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CAMPUS CONNECTION

Saint Mary’s GeoSpatial Services continues work with tribes

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Andy Robertson and GeoSpatial Services staff

Andy Robertson and GeoSpatial Services staff conduct field validation of critical desert wetlands in White Sands National Park, New Mexico.

Saint Mary’s University’s on-campus project center GeoSpatial Services has collaborated with a variety of big-name, national businesses and organizations on natural resource management and mapping, but our ongoing work with Native American tribes has been particularly meaningful and fulfilling.

Knowing the work has made a significant impact on improving the water quality and way of life for several tribes is gratifying — and serves as an example of Saint Mary’s longstanding mission of service, and its commitment to character and virtue and focus on environmental justice.

GeoSpatial Services’ work with Indigenous tribes began in 2009 with the Stockbridge-Munsee Band of Mohican Indians. The organization has now branched out to work with seven other tribes, three of which reside in Minnesota.

When you think about Native American tribes, they generally reside on and manage reservation areas that are designated by their treaty rights with the federal government. The challenge is that these tribes find themselves needing to manage these lands in a sustainable manner for future generations as well as to improve their current quality of life, and they typically have a very small staff of professional individuals and little support from state and federal organizations.

A majority of the work GeoSpatial Services does with the tribes focuses on water quality and the implementation of the Clean Water Act. For these tribes, the need for clean water is crucial to the quality of life of current and future generations.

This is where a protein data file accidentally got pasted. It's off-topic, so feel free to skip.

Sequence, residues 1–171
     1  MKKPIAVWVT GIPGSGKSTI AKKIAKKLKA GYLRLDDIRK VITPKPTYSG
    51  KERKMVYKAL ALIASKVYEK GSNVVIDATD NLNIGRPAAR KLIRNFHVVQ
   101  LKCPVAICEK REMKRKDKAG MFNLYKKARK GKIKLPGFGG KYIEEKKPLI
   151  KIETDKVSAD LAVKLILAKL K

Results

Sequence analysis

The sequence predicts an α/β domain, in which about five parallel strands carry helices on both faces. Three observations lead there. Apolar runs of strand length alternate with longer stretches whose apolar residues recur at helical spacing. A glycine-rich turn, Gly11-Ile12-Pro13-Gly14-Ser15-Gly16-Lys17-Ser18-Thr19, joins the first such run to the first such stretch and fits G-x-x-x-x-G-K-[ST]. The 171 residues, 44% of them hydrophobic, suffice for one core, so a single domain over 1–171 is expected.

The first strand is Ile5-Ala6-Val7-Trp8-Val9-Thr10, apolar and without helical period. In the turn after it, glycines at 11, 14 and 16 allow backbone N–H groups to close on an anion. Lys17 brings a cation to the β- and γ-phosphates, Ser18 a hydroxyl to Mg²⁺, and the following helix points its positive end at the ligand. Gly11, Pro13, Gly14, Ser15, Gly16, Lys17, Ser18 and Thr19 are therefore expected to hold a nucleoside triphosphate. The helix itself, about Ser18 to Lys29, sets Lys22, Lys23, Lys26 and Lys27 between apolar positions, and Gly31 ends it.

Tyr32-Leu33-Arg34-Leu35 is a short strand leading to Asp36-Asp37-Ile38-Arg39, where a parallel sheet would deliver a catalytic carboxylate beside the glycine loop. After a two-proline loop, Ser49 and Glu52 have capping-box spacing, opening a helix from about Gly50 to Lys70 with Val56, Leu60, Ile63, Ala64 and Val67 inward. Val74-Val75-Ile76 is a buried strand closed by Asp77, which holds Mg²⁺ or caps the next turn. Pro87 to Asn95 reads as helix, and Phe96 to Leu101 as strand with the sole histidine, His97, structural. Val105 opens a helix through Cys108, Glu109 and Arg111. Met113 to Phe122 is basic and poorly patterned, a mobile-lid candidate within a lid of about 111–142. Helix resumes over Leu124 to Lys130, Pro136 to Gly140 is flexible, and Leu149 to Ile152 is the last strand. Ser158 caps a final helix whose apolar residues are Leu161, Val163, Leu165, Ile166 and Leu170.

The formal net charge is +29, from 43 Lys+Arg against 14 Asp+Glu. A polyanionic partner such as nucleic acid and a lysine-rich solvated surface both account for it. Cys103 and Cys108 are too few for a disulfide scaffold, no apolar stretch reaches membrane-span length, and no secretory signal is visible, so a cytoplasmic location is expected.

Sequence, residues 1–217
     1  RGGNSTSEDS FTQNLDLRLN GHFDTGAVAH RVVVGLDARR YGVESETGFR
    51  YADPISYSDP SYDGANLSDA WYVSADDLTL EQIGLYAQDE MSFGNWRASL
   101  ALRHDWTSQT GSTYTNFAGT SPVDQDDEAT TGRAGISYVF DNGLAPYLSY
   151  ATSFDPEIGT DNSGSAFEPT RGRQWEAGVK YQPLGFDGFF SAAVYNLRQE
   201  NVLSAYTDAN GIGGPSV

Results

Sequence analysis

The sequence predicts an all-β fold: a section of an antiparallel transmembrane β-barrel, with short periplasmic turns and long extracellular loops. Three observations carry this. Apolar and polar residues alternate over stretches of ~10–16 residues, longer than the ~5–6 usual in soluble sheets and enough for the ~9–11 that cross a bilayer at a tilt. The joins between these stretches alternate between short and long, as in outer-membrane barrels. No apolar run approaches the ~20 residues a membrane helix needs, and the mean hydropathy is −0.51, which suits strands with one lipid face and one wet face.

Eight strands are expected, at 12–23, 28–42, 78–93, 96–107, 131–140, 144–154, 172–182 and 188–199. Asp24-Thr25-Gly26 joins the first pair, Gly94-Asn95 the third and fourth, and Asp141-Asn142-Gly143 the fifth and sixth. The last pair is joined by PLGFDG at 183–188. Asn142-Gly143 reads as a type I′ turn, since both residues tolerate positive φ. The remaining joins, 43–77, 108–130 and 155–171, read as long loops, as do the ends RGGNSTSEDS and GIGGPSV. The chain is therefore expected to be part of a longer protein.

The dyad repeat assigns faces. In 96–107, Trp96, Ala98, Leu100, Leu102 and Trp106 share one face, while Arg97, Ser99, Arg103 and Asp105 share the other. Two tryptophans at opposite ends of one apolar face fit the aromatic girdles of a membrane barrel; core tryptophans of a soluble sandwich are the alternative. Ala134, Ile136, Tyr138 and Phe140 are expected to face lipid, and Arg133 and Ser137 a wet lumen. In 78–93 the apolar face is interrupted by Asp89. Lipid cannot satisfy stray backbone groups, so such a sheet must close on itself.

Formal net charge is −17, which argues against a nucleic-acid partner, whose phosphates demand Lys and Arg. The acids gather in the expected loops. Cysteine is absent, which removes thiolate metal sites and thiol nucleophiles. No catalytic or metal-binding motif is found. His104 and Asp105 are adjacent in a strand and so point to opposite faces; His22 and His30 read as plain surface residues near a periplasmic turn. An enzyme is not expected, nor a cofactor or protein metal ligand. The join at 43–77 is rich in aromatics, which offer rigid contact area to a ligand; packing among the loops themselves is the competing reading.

A variety of farming practices, urban development, non-point source pollution, and general usage have significant impact on many reservations’ water supply, used for drinking, subsistence activities like farming, hunting, and fishing, and commercial uses.

We provided geographic analyses, and they have used that data to make several strategic land purchases and implemented practices on those lands to improve water quality and quantity. The end result is a cleaner, more secure water supply for the tribal community.

Building working relationships with tribal nations can be difficult due to trust issues. We have to spend a lot of time building relationships and working with communities to gain their trust and demonstrate that we understand their realities and that we can actually help them — that we’re not just involved to get a paycheck.

For GeoSpatial staff it became much more than a job.

Katrina Danzinger, a junior biology major, said that working with Geospatial Services opened her eyes to how valuable their applied research is.

“I know that this research is going to benefit a community that is dependent on nature,” she said. “I couldn’t have gotten this experience in the classroom. GSS has shown me what it’s like to fulfill a need to an underserved community. Because of our work, I feel like I’m actually making a difference.”

And the impact is ongoing. We’ve designed systems that have checks and balances that allow tribes to demonstrate that the practices we’ve implemented have made a difference. We’re also working with tribal colleges to develop course materials to educate tribal members.

Hopefully it creates some level of impetus for change.

It’s really exciting to be able to provide tribes with tools and data that really help them change what’s happened to them in the past and bring some level of environmental justice to these underserved communities.

“I know that this research is going to benefit a community that is dependent on nature. I couldn't have gotten this experience in the classroom. GSS has shown me what it's like to fulfill a need to an underserved community. Because of our work, I feel like I'm actually making a difference.”

Katrina Danzinger, a junior biology major, 

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